One of the many debates within the SEO space is whether clickthrough rate, or CTR, affects search results. At first glance, the importance of CTR in SEO seems obvious. After all, CTR measures the number of people who click on a search result and search engines want to show people the most relevant results.
Wouldn’t the most relevant search results be the ones people click on the most?
However, the answer is not that simple, hence: the debate on the importance of CTR in SEO.
Search Engine Algorithms
Search engines like Google include hundreds of factors in their search algorithm to measure the relevance of pages on the internet. Google is not always clear on how much each of those factors matters for SEO. The importance of CTR on search engine performance is one of those factors that about which Google has been a bit vague.
But there’s new data (qualitative and quantitative) that strongly suggests that Google does use CTR to determine page rankings.
Paul Haahr, a Google Ranking Engineer said that one of the things Google does to determine the relevance of search results is to “look for changes in click patterns.”
Of course, ‘changes in click patterns’ doesn’t necessarily mean clickthrough rate, so let’s look at some numbers to paint a fuller picture. Larry Kim, the founder of WordStream, conducted the following experiment:
The Hypothesis: CTR in SEO Efforts Affects Search Engine Results
RankBrain—a machine-learning program that Google is rolling out—is used to measure pages with limited data. Presumably, the end goal is for Google to be less reliant on links and more focused on relevance.
CTR is one of the best measures of both engagement and relevance, with some limitations. As such, many people suspect that RankBrain is using CTR as a critical measure for ranking pages.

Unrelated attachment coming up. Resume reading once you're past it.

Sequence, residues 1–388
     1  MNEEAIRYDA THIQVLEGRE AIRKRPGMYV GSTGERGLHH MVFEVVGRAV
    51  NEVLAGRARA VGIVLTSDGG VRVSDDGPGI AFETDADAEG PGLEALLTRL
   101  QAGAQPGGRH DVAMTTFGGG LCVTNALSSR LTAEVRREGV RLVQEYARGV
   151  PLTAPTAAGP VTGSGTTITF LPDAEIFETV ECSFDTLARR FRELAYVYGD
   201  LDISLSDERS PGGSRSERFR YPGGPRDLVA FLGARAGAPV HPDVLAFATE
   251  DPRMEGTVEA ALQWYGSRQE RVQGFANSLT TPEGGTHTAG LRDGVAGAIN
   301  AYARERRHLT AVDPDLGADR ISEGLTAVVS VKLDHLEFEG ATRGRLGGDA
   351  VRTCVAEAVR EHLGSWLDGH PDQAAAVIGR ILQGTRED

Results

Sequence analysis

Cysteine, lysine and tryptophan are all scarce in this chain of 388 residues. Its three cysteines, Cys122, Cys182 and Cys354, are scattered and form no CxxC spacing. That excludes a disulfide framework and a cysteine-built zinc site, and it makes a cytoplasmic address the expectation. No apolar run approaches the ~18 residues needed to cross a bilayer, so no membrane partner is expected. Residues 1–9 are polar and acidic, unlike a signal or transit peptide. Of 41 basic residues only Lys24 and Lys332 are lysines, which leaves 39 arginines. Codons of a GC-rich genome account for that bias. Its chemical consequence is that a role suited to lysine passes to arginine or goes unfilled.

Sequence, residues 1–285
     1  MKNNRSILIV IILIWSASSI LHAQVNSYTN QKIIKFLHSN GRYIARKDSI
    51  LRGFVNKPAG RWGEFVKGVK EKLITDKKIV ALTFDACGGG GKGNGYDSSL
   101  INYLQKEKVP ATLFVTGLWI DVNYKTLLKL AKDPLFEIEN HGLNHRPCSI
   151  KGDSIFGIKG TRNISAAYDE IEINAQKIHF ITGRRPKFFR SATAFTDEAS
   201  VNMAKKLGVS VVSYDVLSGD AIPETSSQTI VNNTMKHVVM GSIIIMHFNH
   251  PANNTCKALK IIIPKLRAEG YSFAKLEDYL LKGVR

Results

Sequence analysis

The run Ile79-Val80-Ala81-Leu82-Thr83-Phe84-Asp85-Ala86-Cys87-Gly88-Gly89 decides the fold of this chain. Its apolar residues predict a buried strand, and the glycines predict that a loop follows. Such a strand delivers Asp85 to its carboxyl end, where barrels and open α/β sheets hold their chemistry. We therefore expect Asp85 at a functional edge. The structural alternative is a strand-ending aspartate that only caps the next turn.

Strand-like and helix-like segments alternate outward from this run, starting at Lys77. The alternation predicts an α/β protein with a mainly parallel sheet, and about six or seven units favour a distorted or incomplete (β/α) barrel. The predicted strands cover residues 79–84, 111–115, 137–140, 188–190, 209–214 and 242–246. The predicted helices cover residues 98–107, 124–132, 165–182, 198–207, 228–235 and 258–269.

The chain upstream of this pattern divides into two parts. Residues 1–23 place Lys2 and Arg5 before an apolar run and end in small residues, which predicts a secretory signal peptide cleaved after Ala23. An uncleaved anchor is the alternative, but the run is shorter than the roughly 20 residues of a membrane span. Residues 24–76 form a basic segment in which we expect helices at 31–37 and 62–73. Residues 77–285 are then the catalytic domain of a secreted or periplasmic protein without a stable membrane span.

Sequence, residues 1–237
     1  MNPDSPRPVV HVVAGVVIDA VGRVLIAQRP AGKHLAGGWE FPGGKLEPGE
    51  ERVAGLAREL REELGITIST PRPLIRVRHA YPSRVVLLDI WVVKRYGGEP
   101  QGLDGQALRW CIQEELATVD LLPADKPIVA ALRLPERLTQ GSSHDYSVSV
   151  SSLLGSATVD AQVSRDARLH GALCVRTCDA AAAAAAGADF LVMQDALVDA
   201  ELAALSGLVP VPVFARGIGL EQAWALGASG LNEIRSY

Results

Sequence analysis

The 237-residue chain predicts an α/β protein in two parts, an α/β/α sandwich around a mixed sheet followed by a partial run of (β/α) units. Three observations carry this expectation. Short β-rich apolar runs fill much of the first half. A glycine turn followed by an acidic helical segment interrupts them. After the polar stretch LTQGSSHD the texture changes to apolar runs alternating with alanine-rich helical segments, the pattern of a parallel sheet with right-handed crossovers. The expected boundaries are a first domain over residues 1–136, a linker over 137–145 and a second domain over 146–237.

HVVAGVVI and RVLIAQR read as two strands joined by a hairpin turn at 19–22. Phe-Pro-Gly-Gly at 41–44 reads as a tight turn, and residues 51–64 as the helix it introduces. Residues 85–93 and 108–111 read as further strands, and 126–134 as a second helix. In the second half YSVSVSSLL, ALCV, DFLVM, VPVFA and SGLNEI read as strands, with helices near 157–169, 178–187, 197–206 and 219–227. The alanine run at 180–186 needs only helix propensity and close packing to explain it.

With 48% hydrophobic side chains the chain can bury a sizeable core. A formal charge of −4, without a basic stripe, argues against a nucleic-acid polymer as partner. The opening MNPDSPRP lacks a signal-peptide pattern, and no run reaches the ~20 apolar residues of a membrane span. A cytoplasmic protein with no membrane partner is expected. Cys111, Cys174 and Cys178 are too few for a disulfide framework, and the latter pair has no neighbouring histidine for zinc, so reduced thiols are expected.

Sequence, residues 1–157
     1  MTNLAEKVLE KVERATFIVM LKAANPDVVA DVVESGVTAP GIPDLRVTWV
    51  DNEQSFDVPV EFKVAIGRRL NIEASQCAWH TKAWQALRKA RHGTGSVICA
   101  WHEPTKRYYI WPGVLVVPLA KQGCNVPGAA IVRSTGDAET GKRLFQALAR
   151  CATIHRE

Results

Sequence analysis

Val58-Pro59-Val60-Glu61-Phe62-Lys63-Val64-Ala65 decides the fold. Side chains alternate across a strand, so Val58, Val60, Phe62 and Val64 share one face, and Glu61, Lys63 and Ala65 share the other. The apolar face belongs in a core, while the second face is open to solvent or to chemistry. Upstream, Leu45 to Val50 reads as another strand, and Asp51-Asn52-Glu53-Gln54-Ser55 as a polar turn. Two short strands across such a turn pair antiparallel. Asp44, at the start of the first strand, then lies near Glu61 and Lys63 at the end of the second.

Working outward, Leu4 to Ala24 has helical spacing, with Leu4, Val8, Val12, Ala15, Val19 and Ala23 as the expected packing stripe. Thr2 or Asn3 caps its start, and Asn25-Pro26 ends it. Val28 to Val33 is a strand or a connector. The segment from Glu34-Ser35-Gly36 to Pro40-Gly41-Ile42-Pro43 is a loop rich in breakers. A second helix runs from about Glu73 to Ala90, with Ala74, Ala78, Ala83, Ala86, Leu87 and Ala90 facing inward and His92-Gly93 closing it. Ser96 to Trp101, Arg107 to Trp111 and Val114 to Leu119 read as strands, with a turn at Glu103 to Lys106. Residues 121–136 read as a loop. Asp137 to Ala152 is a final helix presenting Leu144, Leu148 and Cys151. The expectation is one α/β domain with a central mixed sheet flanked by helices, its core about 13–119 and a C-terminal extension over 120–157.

Since Google (at the time of the experiment) is only using RankBrain for long-tail keywords, Larry Kim from MobileMonkey measured the effect of CTR on search engine result positions for long-tail keywords and head terms. By separating long-tail keywords and head terms, the experiment would isolate the effect of CTR on search engine results.
The experiment also distinguished between paid and organic search.
By comparing click-through rates and organic search positions for 1000 keywords, Kim found that long-tail keywords ranked in position one on Google had an average CTR of 33 percent. Alternatively, the head terms he measured that were in the first position on Google had an average CTR of 17.5 percent.
The numbers are similarly spread as you go down the search results. Long-tail keywords in position two had a clickthrough rate of about 22 percent, whereas head terms in position two had a CTR of 13 percent. The spread between clickthrough rates appears to tighten, though, as you go further down the page from position six to ten.
For paid searches, the results were similar, but the differences were a bit less pronounced. Interestingly, the spread in clickthrough rate was most pronounced on lower search positions.
What does it mean for CTR in SEO?
It seems highly likely that clickthrough rate is a key measure in Google’s ranking algorithm. Even if CTR is not directly responsible for higher search rankings, it’s indirectly responsible, because you’ll always rely on people clicking on your content to drive engagement, social shares, and brand awareness.
Want to learn more about how CTR optimization will help your business’ SEO efforts? Reach out to the SEO team at Volume Nine – we’re here to help!